• the amount and timing of potential payments or adjustments associated with federal or other tax examinations;
  • the possibility that we may fail to estimate accurately the likelihood, magnitude and timing of losses in connection with establishing loss reserves for our mortgage insurance or financial guaranty businesses or premium deficiencies for our mortgage insurance business, or to estimate accurately the fair value amounts of derivative instruments in determining gains and losses on these instruments;
  • volatility in our earnings caused by changes in the fair value of our assets and liabilities carried at fair value, including our derivative instruments, and our need to reevaluate the possibility of a premium deficiency in our mortgage insurance business on a quarterly basis;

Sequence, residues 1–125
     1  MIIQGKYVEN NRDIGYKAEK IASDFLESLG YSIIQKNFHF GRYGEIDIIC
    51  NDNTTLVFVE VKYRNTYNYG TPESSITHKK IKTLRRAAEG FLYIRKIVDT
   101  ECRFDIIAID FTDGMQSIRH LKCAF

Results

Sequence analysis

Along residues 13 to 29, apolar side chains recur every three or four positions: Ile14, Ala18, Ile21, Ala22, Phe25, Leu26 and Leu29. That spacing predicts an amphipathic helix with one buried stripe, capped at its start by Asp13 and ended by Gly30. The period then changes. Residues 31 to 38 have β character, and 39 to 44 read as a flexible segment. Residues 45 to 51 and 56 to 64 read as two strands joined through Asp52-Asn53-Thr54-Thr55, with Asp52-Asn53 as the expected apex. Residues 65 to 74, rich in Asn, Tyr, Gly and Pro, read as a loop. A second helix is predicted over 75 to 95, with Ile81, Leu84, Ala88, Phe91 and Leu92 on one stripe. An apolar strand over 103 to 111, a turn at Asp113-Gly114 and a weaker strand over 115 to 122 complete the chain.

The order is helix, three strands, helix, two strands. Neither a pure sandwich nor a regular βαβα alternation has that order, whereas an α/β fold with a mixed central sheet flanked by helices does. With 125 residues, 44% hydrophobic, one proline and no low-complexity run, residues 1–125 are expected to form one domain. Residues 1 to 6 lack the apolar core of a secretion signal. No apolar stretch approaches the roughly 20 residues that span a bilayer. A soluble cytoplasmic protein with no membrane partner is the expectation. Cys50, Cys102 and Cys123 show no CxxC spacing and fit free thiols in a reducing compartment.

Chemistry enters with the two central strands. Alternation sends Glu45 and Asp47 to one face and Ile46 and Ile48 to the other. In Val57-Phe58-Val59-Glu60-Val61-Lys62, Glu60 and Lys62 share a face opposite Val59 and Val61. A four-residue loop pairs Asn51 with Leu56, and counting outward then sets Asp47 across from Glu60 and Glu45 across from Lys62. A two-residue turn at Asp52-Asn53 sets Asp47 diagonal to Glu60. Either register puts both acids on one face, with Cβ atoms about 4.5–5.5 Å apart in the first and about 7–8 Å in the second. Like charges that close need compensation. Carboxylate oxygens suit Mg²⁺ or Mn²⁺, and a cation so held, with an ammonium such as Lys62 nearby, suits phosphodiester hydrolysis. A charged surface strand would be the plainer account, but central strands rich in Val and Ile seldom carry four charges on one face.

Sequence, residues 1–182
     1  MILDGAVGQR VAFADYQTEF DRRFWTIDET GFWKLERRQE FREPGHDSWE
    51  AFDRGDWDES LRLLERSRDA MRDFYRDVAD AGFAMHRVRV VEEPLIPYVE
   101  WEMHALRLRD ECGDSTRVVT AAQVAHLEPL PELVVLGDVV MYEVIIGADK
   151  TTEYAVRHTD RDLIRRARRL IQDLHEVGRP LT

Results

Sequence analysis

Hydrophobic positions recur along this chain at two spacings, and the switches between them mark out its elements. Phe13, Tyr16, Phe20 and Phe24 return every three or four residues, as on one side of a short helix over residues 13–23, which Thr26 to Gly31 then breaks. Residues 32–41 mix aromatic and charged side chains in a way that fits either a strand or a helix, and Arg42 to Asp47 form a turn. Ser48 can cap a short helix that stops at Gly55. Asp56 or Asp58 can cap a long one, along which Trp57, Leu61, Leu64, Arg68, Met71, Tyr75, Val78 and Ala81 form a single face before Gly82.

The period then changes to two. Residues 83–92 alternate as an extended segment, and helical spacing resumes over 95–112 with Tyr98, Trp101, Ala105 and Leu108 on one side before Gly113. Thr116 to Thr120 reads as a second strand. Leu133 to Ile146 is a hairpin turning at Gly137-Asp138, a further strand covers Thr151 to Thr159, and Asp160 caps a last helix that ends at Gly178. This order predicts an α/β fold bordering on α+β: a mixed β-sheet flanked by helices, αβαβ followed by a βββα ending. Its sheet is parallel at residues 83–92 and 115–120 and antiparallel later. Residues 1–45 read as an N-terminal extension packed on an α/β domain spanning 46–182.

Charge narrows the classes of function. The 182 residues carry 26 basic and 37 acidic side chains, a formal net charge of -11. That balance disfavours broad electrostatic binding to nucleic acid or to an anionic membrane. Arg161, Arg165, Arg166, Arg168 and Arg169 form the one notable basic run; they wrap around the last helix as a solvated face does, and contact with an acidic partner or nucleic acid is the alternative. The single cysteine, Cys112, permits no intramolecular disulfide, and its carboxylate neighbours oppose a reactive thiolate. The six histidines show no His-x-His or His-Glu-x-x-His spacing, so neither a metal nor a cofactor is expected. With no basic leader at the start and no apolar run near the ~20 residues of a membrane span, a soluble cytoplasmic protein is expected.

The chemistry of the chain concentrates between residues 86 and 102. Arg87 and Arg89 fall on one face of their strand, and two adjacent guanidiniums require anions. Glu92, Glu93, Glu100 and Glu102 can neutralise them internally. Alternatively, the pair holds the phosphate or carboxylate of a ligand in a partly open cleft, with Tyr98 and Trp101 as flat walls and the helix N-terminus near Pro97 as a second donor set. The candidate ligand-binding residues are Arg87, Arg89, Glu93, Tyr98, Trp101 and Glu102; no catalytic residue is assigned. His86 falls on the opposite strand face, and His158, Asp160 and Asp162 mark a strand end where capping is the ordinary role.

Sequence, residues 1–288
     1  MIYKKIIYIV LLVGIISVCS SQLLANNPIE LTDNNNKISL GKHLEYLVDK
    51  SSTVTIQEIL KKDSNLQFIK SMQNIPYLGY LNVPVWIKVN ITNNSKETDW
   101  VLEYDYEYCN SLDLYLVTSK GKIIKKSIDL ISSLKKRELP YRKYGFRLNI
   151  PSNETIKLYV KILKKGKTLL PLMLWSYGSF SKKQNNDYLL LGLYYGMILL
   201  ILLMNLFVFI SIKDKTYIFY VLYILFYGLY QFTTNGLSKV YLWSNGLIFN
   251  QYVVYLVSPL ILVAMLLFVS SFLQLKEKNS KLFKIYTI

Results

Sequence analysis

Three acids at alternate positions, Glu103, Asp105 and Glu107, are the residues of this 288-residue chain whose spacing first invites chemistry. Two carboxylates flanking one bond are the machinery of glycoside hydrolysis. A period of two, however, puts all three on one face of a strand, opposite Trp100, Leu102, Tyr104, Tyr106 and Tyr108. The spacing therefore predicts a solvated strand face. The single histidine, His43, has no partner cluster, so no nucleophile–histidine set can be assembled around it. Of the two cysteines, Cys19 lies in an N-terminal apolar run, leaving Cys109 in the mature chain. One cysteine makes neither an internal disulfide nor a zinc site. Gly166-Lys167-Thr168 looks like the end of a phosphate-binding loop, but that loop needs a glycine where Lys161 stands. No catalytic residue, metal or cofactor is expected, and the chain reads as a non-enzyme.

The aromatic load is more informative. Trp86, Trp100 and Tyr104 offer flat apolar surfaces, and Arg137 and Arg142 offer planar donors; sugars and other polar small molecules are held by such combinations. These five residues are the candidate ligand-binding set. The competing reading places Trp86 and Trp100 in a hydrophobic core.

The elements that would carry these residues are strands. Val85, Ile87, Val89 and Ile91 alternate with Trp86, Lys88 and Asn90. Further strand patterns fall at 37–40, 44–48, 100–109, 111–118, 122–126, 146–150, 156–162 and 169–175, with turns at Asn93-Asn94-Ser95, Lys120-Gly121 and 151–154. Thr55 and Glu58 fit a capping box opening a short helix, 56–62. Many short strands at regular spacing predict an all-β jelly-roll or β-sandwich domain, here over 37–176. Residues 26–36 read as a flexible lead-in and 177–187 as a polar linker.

• our ability to realize the tax benefits associated with our gross deferred tax assets, which will depend on our ability to generate sufficient sustainable taxable income in future periods;
  • changes in accounting principles, rules and guidance, or their interpretation, from the Securities and Exchange Commission or the Financial Accounting Standards Board; and
  • legal and other limitations on amounts we may receive from our subsidiaries as dividends or through our tax- and expense-sharing arrangements with our subsidiaries.

For more information regarding these risks and uncertainties as well as certain additional risks that we face, you should refer to the Risk Factors detailed in Item 1A of Part I of our Annual Report on Form 10-K for the year ended December 31, 2011, and subsequent reports and registration statements filed from time to time with the Securities and Exchange Commission.